2782RE: [nslu2-general] Re: setting up backups in Windows
- Oct 5, 2005For this situation wouldn't be a cheap and simple alternative to use a
separate USB network card? It seems you can get them for next to nothing
lately, and the second network card would have it's own settings. Set one
to Static and use that to connect to the Local Network, use the second as
DHCP and us it for connecting to any other network you visit.
That way, you leave the second (DHCP) network card in your transport bag,
and don't have to deal with the unassign/reassign for the static address on
your home (static) card.
Just a thought.
[mailto:email@example.com]On Behalf Of Mike Westerhof
Sent: Tuesday, October 04, 2005 9:30 PM
Subject: Re: [nslu2-general] Re: setting up backups in Windows
You'll have no need of Static DHCP *IF* your XP laptop never goes anywhere.
Consider what would happen if you were to take your XP laptop to which
you've assigned the address 192.168.1.75 off to, for example, your place of
business, or to a hotel with wired ethernet, and you wished to plug into the
network. Since there is no reason to think that the IP address you have
assigned to your laptop is valid on the other network, you need to find an
administrator for the business or hotel network, and get an IP address valid
for that network assigned for your use, and reconfigure your laptop to use
that. More likely, you'll reconfigure your XP laptop to enable DHCP, so it
can simply ask the new network for an IP address itself -- that's what DHCP
Now once you return home, you can plug back into your home network. If, of
course, you remember to re-configure your network settings to reassign
192.168.1.75 to the XP laptop. If you forget, your laptop will happily DHCP
itself on your home network, and your network will give your laptop an
available IP address out of the pool. You don't know which IP it assigned,
so there's now no good way for your NSLU2 or many other devices to be able
to reach out to your laptop and talk with it.
Static DHCP allows you to instruct the DHCP server (in your case, the WRTG
which unfortunately doesn't support this) that when it sees a request from
your XP laptop for an IP address to *ALWAYS* assign it the same one
(192.168.1.75). With this setup, you leave your XP laptop set up for DHCP
always, it gets the same (well-known) IP address each time it connects to
your home network, but when you plug in elsewhere, it gets whatever address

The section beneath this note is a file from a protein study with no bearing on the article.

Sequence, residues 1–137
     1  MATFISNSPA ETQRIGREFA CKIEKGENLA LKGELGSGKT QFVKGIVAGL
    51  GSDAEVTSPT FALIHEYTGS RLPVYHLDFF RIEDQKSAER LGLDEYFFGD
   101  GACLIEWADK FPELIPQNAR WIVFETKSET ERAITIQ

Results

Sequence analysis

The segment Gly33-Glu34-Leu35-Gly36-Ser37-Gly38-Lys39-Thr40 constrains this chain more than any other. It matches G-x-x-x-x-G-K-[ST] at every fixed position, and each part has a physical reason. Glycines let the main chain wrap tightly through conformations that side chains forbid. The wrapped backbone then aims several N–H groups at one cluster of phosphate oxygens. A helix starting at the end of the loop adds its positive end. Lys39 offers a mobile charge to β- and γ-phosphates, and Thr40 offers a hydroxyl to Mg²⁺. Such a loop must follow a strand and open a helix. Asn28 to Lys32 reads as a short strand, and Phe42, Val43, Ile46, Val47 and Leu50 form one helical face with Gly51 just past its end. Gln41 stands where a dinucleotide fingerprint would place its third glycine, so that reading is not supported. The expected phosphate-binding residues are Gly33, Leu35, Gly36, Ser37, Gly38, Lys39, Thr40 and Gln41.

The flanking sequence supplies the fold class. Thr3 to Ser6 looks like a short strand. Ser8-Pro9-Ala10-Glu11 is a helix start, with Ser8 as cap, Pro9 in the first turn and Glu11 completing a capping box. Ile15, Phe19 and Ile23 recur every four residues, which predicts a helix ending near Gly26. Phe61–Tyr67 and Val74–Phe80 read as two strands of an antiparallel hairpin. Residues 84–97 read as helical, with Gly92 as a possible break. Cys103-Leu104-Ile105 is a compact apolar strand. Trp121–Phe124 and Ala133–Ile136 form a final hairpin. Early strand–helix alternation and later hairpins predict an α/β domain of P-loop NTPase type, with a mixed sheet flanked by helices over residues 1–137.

it needs. No network configurations, no administrators required, no
reboots, no hassles. It's a beautiful thing!
Oh - I should also mention that DHCP can either provide a hostname for a
computer, or if a computer has a hostname, the DHCP server can discover that
fact as it assigns the new system its IP address. The WRTG, unfortunately
again, doesn't do a blasted thing with this information. However, some
other router/firewalls (and my unslung NSLU2, btw) integrate the DHCP
service with the DNS service, so that when a system joins the network, it
not only gets an IP address automatically, but it's host name automatically
appears in the DNS database. Again, a thing of beauty, and with software
packages like dnsmasq, amazingly simple to install and configure.
(Don't get me wrong at all - I quite like the Linksys routers. They're very
good at what they do, which is to provide the key network infrastructure for
very simple, basic networks. What they lack, compared to (for example) the
Motorola it competes with, are features that make it useful for more
advanced networks. Static DHCP is one such feature. DNS caching is
another. The other good thing about them is that they are common (read
inexpensive), and can be easily "cracked open" and customized to suit the
needs of the more advanced users.
----- Original Message -----
From: Mark Hood
Sent: Tuesday, October 04, 2005 6:58 PM
Subject: [nslu2-general] Re: setting up backups in Windows
--- In firstname.lastname@example.org, Warren Gill <r2ml@f...> wrote:
> If your router can do "static" DHCP, your laptop will
> always get the same IP address from the DHCP server (you
> link an IP in the "100" range to the MAC address of your
> laptop). The standard Linksys firmware doesn't have this
I don't get this.
When I log into the Linksys as admin through the web page
served up by the standard Linksys firmware, it offers the
ability to set a static IP in the Administration -> LAN
tab. This is still available after the unslung process.
I've always had my slug set up with a static private IP of
192.168.1.77. Similarly I set up my XP laptop to always use
192.168.1.75, and I don't have any problem making backups on
my private network using the names I've mapped to these
static IP addresses.
My ISP gives me a static public IP from which I forward ssh
and http ports through the router to the slug, so I can do
backups using sftp or http from the external public internet
if I need to.
Most else on my network gets a dynamic IP served up by the
DHCP running in my standard firmware Linksys WRT54G in the
range 192.168.1.100 - 150.
What the heck is "static" DHCP and why would one need it to
run backups? I've never run across a device that doesn't
allow you to set up a static IP.
[Non-text portions of this message have been removed]
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